The summer holidays are here! And as teachers and school students alike look forward to the long summer break Lancashire Fire and Rescue Service are gearing up to promote summer safety messages throughout the holidays ahead of a new education programme set to launch at the end of summer.
School’s out and for the younger members of our society that means 6 weeks of lazy days and holidays and perhaps the odd sleepover? Sleepovers present a particular hazard when it comes to fire as often people forget to share their fire escape plans with visitors. To help raise awareness of some good sleepover practice Lancashire Fire Rescue Service have compiled a leaflet offering some sound safety advice and thoughts to consider should you host or allow your child to attend a sleepover. These leaflets will be available at various community centres and public locations over the summer but you can also get your hands on a copy here to!
It’s not just fire safety in the home that the Fire and Rescue Service will be looking to promote over the break but water safety, cooking safety and grass fire awareness too.
Group Manager Mark Hutton chairs the Start Safe working group for Lancashire Fire and Rescue and had this to say:
“The main message to our young people this summer is stay safe! We’ve been experiencing some really warm, sunny weather recently which makes for great summer holiday fun but we would urge people to be mindful of the consequences of their actions.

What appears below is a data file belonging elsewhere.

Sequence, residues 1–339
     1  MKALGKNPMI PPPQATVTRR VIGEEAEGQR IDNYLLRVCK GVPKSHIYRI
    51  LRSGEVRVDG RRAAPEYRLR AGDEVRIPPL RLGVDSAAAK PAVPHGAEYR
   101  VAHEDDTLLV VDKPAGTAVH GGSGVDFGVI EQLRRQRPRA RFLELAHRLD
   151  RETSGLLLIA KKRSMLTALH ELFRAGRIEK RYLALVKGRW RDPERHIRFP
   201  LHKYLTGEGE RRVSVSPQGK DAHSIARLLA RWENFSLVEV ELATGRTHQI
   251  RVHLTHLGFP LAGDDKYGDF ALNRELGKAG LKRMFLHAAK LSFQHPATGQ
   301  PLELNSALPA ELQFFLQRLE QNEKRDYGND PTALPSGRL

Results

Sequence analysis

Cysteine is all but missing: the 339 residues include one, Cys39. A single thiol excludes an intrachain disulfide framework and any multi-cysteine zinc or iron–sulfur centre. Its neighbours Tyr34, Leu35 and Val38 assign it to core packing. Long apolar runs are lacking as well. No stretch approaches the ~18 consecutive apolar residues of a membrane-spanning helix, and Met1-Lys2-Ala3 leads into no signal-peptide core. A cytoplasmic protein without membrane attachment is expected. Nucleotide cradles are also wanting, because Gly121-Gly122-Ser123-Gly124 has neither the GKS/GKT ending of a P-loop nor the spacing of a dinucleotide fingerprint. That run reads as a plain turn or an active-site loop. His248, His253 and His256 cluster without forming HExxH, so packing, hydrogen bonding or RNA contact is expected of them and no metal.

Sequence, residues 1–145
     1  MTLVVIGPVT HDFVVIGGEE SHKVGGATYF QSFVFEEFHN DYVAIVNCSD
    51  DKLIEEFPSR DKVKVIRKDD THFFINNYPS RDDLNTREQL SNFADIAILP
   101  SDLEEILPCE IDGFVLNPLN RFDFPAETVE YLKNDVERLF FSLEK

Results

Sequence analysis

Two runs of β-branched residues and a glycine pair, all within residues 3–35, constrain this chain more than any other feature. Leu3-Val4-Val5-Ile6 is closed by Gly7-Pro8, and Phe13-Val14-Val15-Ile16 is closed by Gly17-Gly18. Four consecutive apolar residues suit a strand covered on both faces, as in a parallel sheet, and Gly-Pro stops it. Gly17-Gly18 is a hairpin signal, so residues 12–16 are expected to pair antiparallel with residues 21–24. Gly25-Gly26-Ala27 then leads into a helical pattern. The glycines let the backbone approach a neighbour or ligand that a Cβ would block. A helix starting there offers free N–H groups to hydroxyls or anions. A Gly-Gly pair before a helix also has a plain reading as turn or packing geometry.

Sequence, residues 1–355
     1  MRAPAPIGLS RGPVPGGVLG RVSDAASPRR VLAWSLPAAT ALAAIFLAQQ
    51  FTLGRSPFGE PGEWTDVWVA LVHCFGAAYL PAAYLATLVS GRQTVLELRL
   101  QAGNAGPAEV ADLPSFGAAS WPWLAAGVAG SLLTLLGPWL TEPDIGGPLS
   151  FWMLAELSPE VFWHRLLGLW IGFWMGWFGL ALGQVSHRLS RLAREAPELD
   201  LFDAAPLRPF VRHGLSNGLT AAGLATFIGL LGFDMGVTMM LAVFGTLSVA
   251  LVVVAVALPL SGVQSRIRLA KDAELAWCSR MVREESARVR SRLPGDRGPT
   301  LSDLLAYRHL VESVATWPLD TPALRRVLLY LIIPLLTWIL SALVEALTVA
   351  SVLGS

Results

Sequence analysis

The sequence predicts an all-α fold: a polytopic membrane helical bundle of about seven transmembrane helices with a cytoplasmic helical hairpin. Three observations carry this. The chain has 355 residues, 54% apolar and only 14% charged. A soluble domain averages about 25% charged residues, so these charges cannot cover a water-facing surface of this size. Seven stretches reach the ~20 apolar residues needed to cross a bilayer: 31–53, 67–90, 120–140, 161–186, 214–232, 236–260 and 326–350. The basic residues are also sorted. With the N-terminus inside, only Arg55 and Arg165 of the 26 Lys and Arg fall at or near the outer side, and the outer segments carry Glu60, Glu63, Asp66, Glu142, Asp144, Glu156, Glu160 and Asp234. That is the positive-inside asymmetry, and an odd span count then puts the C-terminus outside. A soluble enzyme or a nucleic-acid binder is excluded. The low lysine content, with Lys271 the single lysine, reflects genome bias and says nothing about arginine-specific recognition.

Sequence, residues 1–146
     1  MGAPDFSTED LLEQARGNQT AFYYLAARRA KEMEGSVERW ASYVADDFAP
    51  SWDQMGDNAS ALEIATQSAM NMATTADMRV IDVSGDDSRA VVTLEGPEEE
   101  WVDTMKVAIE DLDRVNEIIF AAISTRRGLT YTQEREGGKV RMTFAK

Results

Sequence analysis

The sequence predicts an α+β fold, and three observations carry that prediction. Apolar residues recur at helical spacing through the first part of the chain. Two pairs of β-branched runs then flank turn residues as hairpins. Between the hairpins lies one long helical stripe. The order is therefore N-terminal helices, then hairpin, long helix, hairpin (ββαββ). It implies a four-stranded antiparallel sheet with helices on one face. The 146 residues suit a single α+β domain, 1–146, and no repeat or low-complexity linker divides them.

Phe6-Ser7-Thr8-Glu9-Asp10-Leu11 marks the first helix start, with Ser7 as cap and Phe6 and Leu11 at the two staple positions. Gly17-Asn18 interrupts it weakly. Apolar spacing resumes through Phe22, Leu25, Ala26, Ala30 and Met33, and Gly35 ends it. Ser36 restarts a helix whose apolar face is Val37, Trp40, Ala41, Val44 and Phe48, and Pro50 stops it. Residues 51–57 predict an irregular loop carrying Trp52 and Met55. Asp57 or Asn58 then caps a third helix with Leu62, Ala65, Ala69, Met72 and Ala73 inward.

We understand that reservoirs and rivers can look like tempting places to cool off but swimming in open water can be very dangerous and has in recent years has led to the deaths of several Lancashire teenagers. Our advice would be to observe any warning signs that are in place around Lancashire’s open water sites and only swim at designated sites.
We’re also just coming off the back of a major incident in Lancashire which involved a large grass fire on Winter Hill and Rivington moor. The hot, dry conditions mean it’s all too easy for grass fires to start and often the fire can spread rapidly and be extremely difficult to extinguish. Grass fires can be started in many ways so we are asking those who are out, enjoying the countryside to be mindful of the high fire risk and avoid smoking or irresponsibly discarding cigarettes, using barbecues inappropriately and of course not starting fires deliberately. What might start as a bit of laugh can quickly end up being a major fire with extremely serious consequences.”
All these safety messages and more form part of a new education programme targetting year 7 students, which the service will be offering to all secondary schools in the county from September. Further information on this programme will be released in due course.